Gene Variants Seen to Increase Multiple Sclerosis Risk
Variants of the IL7R and DDX39B genes may lead to increased risk of multiple sclerosis.
An individual carrying 2 particular gene variants may be up to 3 times more likely to develop multiple sclerosis (MS) compared with others who do not have the variants, according to a new study published by Cell.
The study authors reported that variants of IL7R and DDX39B were linked to an increased risk of developing MS. Previous studies have associated IL7R with MS, but the other gene variant was not previously implicated.
These findings may lead to the creation of more accurate risk-assessment tests for MS and other autoimmune disorders, according to the study.
MS is a major cause of neurological diseases among adults aged 20 to 50, and tends to affect more women than men. Although there are treatments that manage symptoms, there is no cure. Patients with MS may experience issues with vision, muscle control, balance, body functions, and eventually progress to disability. Treatments available to patients with MS are known to cause serious adverse events due to immune system suppression.
In the study, the researchers discovered that gene variants of IL7R and DX39B interact and cause over production of the sIL7R protein. It is known that the protein plays an important role in the immune system, but it is not completely understood, according to the study.
“Our study identifies an interaction with a known MS risk gene to unlock a new MS candidate gene, and in doing so, open up a novel mechanism that is associated with the risk of multiple sclerosis and other autoimmune diseases,” said co-lead study author Simon Gregory, PhD.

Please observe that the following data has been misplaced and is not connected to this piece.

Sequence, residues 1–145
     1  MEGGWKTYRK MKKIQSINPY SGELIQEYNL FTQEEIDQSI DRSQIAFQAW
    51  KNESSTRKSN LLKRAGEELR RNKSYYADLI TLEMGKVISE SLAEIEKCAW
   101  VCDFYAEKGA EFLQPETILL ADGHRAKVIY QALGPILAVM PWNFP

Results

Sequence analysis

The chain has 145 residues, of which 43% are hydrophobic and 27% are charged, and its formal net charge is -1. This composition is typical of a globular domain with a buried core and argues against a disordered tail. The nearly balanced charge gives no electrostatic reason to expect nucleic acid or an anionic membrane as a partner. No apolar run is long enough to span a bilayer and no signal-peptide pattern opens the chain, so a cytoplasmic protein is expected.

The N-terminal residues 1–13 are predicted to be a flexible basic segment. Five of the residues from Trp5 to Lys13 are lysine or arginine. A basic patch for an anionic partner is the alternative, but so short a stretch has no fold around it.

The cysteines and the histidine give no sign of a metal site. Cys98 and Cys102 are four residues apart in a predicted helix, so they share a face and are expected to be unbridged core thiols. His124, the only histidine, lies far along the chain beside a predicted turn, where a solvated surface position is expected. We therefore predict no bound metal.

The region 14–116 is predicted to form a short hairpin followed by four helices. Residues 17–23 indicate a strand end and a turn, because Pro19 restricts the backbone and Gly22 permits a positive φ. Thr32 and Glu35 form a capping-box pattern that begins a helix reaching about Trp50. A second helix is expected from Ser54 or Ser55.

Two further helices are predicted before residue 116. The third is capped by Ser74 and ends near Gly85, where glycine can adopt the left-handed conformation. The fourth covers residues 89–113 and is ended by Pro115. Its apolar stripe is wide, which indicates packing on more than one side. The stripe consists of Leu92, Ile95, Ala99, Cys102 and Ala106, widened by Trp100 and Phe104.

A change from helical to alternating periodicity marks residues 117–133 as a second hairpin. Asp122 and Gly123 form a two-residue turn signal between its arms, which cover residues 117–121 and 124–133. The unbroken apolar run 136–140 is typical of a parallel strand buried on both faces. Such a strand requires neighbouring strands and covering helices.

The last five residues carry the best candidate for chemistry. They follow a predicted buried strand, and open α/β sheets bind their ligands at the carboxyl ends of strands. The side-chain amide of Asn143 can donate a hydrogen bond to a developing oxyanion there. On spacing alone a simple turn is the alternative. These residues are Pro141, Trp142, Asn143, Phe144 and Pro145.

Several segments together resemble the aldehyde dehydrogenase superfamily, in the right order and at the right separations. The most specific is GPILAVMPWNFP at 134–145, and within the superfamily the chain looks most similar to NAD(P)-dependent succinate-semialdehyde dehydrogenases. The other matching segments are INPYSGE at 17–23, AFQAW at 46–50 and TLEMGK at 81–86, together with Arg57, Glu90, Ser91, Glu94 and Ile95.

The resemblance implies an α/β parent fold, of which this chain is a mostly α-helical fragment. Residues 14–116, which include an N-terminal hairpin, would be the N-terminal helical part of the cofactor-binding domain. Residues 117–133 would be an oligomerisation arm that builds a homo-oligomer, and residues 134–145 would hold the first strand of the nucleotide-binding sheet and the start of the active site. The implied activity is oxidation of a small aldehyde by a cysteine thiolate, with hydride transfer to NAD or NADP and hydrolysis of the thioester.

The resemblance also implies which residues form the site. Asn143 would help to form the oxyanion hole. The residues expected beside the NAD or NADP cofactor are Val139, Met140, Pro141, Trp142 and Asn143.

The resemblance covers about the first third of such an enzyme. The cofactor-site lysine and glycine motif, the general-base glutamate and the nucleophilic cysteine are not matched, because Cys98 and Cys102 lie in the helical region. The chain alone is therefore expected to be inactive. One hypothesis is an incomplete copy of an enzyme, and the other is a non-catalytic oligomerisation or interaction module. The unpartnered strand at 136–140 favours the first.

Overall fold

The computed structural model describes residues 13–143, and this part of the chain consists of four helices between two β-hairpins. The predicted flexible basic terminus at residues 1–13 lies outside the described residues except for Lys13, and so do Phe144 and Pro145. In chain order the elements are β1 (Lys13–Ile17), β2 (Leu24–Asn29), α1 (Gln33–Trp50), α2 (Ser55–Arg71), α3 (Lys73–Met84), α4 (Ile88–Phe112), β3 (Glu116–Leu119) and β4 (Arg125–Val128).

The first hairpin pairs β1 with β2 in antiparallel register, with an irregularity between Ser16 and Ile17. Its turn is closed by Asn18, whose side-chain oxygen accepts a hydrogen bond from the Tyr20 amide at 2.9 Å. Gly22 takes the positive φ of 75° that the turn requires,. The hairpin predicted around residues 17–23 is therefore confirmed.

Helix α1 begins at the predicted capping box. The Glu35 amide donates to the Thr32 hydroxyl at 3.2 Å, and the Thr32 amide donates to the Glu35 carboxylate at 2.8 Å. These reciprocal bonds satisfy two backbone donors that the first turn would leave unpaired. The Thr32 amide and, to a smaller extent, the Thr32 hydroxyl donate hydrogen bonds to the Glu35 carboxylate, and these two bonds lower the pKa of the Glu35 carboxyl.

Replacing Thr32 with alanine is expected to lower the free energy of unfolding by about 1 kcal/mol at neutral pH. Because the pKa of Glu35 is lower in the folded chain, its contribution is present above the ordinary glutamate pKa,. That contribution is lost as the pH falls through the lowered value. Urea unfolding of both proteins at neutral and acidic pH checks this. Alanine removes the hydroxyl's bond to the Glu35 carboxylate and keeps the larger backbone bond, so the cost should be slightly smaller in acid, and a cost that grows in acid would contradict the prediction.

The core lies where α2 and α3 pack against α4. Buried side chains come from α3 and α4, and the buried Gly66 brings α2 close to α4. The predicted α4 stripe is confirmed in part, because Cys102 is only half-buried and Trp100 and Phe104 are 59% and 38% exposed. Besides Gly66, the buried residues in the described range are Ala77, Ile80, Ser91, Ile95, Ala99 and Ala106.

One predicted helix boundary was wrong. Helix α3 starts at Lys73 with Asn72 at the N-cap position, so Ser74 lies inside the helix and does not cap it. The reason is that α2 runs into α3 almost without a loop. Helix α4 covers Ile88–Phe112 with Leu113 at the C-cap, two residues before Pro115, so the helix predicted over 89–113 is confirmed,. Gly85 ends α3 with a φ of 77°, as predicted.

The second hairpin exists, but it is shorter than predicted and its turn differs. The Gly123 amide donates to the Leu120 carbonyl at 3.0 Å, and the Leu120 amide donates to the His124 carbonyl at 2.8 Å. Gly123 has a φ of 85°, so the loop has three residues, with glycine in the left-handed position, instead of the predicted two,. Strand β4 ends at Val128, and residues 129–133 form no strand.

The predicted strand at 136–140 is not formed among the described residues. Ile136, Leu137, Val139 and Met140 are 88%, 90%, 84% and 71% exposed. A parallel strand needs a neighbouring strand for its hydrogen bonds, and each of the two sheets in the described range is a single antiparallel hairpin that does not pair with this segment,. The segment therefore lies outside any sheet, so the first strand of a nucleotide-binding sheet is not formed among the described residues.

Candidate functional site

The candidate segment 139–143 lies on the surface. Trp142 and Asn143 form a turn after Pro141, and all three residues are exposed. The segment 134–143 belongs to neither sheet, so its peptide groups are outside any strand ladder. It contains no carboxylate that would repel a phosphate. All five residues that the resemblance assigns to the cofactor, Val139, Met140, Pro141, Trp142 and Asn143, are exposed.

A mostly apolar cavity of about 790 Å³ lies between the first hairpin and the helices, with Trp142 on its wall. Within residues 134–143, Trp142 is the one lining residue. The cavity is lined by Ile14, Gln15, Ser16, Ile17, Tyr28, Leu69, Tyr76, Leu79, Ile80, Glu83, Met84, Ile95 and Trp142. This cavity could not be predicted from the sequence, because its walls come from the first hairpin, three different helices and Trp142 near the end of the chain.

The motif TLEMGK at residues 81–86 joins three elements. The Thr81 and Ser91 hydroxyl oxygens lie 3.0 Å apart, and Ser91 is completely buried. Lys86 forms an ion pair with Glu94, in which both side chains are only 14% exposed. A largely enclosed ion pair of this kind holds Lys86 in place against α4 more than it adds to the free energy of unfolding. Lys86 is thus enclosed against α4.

The investigators believe that these gene variants could be used to create a test that leads to more accurate diagnoses.
“We can use this information at hand to craft tests that could allow earlier and more accurate diagnoses of multiple sclerosis, and uncover new avenues to expand the therapeutic toolkit to fight MS, and perhaps other autoimmune disorders,” said first study author Gaddiel Galarza-Muñoz, PhD.
In some cases, it may take years for a patient to receive a diagnosis of MS without undergoing diagnostic tests. Due to a lack of treatment from delayed diagnosis, patients can progress and experience preventable nervous system damage.
With a more accurate risk-assessment tool, physicians would be able to easily screen patients with MS symptoms or a family history of the disease, according to the study. It could lead to increased monitoring and early diagnosis of patients with the disease.
“One could envision how this type of knowledge will someday lead to diagnose multiple sclerosis sooner and, now that we have promising therapies, a doctor could start the appropriate treatment more quickly,” said co-lead study author Mariano Garcia-Blanco, MD, PhD. “It is not out the realm of possibility to imagine a path for screening for other autoimmune diseases such as type 1 diabetes.”